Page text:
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jongibbs
11th May 2002, 20:41
Hi,
Im not a real pilot but I am a soon to be one. I have managed to get my hands a few boeing manuals and when reading one for the 737-700, I came across airspeed disagree. My question is what causes it, does it happen often, and what, if any pilot action should be taken and if any pilot action can fix the problem?
Thanks
Jon Gibbs

embryodriver
11th May 2002, 22:54
The way it works is that the Capt and F/O have different air data sources (i.e. pitot/static ports). One of those may be blocked (by a tape for instance) and cause errorneous airspeed indications on one of the airspeed indicators, while the other shows good values. The problem is that it may sometimes be difficult to recognise which one is good, which, since the airspeed is vital for safe flight, may be fatal. Actually - at least two airplanes (both were Boeing 757's) have stalled and crashed because of errorneous airspeed indications. Now, on most airplanes pilots should compare the speed indications at certain speed (usu 80 Kts) during takeoff run, and if there's a disagree - they must abort. In the air, if this happens, the pilots should fly manually, using typical power settings and attitudes and identify the wrong indicator (eg. by comparing to the third - standby indicator) and use the good one.

Hope I explained it well

tinyrice
11th May 2002, 23:03
The pitot and static sense probes and ports are heated, and the failure of the heater elements can create icing which also gives airspeed errors. At least one 727 was lost due to this.

411A
12th May 2002, 03:11
Actually, tinyrice, it wasn't a heat failure...it was a failure to turn it on in the first place. NW, I believe, on a ferry flight near HPN.
If one disregards the checklist, the end result can be...not good.

tinyrice
12th May 2002, 04:52
so much for trying to be tactfull...................

Shore Guy
12th May 2002, 11:03
The most recent accident that I am aware of where this was a player was the MD11 accident at Subic Bay. Initial reports suggested there was a discrepancy between Capt. and F/O airspeed indicators and they both switched to the erroneous (fast) source. Landed long, very hot, and went off the end of the runway at a high rate of speed. Fortunately, no one was hurt, but the aircraft was destroyed.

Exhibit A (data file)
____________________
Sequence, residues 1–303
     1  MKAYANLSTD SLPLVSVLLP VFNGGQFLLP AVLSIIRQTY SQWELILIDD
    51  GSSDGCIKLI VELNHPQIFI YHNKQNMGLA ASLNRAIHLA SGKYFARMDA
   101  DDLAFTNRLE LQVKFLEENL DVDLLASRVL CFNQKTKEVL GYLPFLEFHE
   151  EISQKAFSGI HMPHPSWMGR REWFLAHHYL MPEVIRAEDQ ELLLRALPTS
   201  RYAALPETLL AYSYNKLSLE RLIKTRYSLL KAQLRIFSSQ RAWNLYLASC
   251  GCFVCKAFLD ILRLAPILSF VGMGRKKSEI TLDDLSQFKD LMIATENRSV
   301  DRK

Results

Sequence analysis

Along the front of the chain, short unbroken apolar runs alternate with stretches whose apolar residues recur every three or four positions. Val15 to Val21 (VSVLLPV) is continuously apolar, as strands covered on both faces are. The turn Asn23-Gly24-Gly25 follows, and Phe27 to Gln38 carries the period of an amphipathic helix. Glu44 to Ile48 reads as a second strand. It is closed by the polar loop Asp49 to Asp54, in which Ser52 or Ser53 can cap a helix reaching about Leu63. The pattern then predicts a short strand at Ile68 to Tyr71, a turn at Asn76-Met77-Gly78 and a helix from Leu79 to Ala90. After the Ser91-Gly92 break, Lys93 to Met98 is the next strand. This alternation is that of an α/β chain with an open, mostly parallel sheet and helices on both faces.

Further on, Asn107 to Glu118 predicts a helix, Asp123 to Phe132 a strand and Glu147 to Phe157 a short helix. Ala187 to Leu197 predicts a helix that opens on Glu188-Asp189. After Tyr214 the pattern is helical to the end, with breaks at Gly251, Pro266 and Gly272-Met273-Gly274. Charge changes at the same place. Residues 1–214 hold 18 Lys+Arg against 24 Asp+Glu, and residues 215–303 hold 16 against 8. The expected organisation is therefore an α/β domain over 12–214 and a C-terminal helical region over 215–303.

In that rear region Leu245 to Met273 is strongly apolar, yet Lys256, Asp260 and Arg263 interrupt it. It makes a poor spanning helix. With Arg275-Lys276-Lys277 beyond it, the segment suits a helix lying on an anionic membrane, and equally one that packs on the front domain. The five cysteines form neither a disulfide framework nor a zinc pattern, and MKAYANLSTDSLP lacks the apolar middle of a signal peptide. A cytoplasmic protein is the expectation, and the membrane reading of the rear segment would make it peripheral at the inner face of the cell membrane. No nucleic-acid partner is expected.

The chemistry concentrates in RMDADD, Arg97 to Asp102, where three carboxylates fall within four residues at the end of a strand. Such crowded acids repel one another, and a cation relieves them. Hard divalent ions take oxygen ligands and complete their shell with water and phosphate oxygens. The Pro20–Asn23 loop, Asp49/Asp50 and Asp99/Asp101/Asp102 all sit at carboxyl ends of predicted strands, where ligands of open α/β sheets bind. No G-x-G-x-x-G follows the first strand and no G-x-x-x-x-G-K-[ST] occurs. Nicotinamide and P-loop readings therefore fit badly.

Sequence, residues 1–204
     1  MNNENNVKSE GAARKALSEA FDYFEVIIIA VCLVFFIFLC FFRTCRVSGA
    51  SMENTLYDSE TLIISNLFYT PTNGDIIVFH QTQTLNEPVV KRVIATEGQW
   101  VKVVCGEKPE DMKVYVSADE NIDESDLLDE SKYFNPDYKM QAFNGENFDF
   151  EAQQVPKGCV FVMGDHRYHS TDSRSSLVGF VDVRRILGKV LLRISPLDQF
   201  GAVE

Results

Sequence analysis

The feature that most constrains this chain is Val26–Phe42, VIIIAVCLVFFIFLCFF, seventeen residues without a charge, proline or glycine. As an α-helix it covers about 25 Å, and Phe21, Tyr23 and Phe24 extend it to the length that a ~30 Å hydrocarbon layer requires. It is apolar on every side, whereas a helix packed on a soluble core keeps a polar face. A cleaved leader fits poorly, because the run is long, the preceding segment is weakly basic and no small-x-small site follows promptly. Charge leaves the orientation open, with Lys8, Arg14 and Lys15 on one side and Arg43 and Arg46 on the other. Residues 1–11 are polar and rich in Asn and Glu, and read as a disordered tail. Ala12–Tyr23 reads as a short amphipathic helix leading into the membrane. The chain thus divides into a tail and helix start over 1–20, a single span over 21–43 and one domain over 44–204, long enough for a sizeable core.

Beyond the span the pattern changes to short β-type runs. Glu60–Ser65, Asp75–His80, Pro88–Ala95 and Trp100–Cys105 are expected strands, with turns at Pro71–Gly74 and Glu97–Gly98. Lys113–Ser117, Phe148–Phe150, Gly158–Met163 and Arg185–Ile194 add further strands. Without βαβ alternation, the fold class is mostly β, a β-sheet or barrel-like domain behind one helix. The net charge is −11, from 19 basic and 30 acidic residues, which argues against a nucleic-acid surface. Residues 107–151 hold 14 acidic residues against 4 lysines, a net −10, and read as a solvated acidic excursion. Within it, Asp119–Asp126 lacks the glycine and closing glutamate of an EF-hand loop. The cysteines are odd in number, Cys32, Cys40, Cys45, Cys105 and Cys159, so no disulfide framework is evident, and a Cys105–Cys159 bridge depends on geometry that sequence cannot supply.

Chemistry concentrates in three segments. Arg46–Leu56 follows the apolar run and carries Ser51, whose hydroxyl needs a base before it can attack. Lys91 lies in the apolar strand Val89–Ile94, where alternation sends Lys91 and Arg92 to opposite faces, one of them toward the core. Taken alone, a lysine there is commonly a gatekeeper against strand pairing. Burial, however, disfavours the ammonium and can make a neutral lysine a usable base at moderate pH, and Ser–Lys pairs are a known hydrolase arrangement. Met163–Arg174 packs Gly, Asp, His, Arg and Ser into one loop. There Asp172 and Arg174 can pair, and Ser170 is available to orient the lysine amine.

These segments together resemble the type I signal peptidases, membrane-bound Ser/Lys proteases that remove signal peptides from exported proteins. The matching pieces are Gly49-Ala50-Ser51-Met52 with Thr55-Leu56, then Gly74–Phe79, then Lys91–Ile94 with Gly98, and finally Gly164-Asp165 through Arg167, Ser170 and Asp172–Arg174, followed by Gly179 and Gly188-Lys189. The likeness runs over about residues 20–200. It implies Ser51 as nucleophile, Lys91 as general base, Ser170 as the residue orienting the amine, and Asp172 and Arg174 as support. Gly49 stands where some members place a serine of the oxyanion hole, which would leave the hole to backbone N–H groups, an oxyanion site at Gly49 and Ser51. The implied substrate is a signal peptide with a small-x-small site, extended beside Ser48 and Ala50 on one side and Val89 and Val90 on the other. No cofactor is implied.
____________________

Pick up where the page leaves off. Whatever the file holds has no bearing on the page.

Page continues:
Photos at: http://www.airdisaster.com/cgi_bin/view_details.cgi?date=10181999&airline=Federal+Express

oxford blue
12th May 2002, 14:03
I haven't read the accident report on the Subic Bay accident, which would give the full story but, just reading the last post, I still think that, despite the extremely unfortunate outcome (which must have taken a lot of justification to management!), they still made the right decision. By taking the fast ASI for landing, they risked landing fast which, in the worst case, merely meant that they ran off the end. If they'd decided to believe the slow ASI, instead of running off the end, they could have finished up half a mile short of the runway, upside down, spinning in, as a result of a stall.

On balance, they got it right (unless there were other clues)!

RatherBeFlying
12th May 2002, 19:48
Discovered a blocked pitot in a C172 2/3 the way down a 1600' runway with a ravine at the other end and decided that the wings would work better than the brakes at that time.

Flew around a bit and discovered that the A/S had become an altimeter. And the sun was on the way down. Decided to make one landing attempt on the short runway before heading over to the 9000' job at the big airport 15 miles away. Made one of my better landings.

Also spent considerable time in a Viscount simulator (no visuals) with a homicidal instructor. The only two times I cracked up were when he failed my airspeed on approach.

Much in agreement with better too fast off the other end than a smoking hole short of the threshold.:eek:

Flat Side Up
13th May 2002, 00:46
Hmmm, That MD11 story.
Correct diagnosis is vitally important BEFORE any alternate data sources are selected. All airliners are equipped with a Standby Airspeed Indicator as well as the Capt and FO sources. As well, the Standby source is from basic raw data static and dynamic pressures. If a comparison was made with the Standby Airspeed it should be apparent which source is in error. However if alternate switching by one or other of the crew members occurs before this comparison is made then the crew is left with both Capt and FO airspeeds in agreement and depending on which source was selected both the CAPT and Fo Airspeed indications could be correct or both in error.

Shore Guy
13th May 2002, 08:22
Flat Side Up and all,

In addition to the standby (raw) airspeed indicator, there are (I believe) three IRS units with GS info on the MD11. Also, there is the possibility of getting a GS readout from ATC, and if all else fails, perhaps even assistance from another aircraft (if good VFR) - lose side by side formation to confirm airspeed.

If anyone has any further info on the Subic Bay accident, could they please post it here? Thanks.